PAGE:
# How do I find the gradient of a 3D vector?

1. Jul 29, 2015

### Saracen Rue

Let's say I have point A(2, 6, 0) and B(3, -1, -2) and wanted to find the gradient of the vector joining these two points. I know how to find the vector representing the line joining these points:

OA = 2i + 6j , OB = 3i - j - 2k

AB = AO + OB
AB = -OA + OB
AB = -(2i + 6j) + 3i - j - 2k
AB = -2i - 6j + 3i - j - 2k

AB = i - 7j - 2k

But I don't know how I could find the gradient of this vector. Any help will be much appreciated.

2. Jul 29, 2015

### Raffaele

You can get $\vec{AB}$ instantly as
$$\vec{AB}=\vec{OB}-\vec{OA}=(3-2)\vec{i}+(-1-6)\vec{j}+(-2-0)\vec{k}=\vec{i}-7\vec{j}-2\vec{k}$$

gradient of $\vec{AB}$ means null vector, as $\vec{AB}$ is constant. Maybe you wanted the module, the norm
$$||\vec{AB}||=\sqrt{1^2+(-7)^2+(-2)^2}=\sqrt{54}=3\sqrt{6}$$

Last edited: Jul 29, 2015
3. Jul 29, 2015

### Saracen Rue

Thanks for that first part, it should make things a little easier ^_^

I think I may have asked the question wrong. Let me try to rephrase it; it you have$$\vec{AB}$$, how would you find the gradient of the line AB.

4. Jul 29, 2015

### HallsofIvy

What do you mean by "the gradient" of a 3D line? A line in 2 dimensions makes a single angle with the x-axis (and its angle with the y-axis is the conjugate of that) so we can take the tangent of that angle as the single number representing its direction, its "gradient".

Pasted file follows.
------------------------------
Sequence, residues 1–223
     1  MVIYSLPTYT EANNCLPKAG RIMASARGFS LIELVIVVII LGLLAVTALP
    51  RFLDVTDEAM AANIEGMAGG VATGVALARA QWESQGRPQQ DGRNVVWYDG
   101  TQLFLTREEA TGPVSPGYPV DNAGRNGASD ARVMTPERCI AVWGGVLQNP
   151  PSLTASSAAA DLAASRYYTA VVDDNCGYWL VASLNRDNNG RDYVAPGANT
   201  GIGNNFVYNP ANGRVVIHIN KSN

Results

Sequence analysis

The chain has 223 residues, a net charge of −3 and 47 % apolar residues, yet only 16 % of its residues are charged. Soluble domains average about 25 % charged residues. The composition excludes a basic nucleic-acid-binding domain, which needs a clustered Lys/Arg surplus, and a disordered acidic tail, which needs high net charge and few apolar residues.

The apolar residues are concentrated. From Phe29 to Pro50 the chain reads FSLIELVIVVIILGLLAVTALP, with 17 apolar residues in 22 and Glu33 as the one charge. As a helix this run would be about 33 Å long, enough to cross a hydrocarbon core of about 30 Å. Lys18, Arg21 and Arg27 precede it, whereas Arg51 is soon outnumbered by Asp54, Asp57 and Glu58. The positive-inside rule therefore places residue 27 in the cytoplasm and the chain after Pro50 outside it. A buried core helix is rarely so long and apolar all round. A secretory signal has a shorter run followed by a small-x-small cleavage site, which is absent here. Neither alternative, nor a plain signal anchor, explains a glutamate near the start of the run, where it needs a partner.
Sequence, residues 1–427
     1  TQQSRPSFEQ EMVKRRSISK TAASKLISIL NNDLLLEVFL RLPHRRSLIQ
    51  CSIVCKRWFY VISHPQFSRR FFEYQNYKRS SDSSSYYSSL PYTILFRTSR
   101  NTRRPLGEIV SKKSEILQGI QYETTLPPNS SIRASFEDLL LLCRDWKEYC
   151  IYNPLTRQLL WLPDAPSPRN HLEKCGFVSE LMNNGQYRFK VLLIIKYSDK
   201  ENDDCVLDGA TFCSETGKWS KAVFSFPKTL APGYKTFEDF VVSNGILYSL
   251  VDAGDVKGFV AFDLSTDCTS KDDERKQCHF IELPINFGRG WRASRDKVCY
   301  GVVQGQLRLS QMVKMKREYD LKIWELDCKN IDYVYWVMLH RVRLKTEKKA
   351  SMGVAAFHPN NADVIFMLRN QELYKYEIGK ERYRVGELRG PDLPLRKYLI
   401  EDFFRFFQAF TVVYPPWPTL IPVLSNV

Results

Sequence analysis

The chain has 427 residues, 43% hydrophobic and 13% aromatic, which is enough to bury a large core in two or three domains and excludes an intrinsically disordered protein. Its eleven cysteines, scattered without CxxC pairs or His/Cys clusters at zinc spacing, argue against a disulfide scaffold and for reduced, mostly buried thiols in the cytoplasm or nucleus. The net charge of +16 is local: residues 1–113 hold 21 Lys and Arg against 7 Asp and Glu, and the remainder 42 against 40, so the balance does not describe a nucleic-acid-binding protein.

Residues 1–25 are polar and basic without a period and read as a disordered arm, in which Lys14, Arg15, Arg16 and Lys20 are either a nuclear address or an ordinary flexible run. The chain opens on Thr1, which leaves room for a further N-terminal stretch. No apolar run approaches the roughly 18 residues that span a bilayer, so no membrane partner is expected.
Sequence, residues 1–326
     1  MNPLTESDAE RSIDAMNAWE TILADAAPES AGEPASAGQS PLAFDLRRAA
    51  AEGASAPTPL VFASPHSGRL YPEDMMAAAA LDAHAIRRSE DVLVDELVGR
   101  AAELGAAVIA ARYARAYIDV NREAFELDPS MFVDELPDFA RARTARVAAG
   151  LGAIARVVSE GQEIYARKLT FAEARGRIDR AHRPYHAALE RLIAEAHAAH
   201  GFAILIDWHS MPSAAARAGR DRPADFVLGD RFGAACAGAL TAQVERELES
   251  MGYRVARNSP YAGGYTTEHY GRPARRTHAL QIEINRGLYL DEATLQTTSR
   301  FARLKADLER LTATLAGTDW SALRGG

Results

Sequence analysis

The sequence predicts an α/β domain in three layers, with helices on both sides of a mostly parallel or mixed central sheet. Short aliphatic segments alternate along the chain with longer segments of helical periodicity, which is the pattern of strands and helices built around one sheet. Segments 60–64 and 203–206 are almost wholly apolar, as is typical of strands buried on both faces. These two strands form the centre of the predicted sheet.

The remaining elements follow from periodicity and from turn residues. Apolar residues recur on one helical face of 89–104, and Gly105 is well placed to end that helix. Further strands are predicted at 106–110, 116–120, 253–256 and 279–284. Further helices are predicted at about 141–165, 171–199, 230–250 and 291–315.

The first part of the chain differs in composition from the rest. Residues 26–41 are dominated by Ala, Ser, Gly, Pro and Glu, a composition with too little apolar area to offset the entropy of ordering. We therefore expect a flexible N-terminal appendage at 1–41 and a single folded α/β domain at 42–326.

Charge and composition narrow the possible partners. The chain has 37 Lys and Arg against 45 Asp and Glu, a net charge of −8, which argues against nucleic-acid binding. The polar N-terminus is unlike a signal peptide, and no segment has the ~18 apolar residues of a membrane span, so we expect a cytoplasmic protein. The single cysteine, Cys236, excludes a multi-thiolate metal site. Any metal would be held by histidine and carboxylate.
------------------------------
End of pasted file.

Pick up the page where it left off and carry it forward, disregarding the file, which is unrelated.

But a line in 3 dimensions makes three different angle with the coordinate axes, the "direction cosines" for the line (and the sum of the squares of those cosines is 1) so we cannot have a single number that tells us the direction of the line. The best we can do is take those three direction cosines as components of a 3 d vector.

In particular, while a 3D vector may be a gradient vector for a line, a 3D vector does NOT "have" a gradient.

5. Jul 30, 2015

### Saracen Rue

Oh okay, thank you. If that's the case, is it possible to determine if two 3D vectors are parallel to each other or not?

6. Jul 30, 2015

### JonnyG

Is one a scalar multiple of the other?

7. Jul 31, 2015

### HallsofIvy

As JonnyG suggests, two vectors, in any dimension, are "parallel" if and only if one is a multiple of the other. (Sometimes the word "anti-parallel" is used if that multiple is negative.)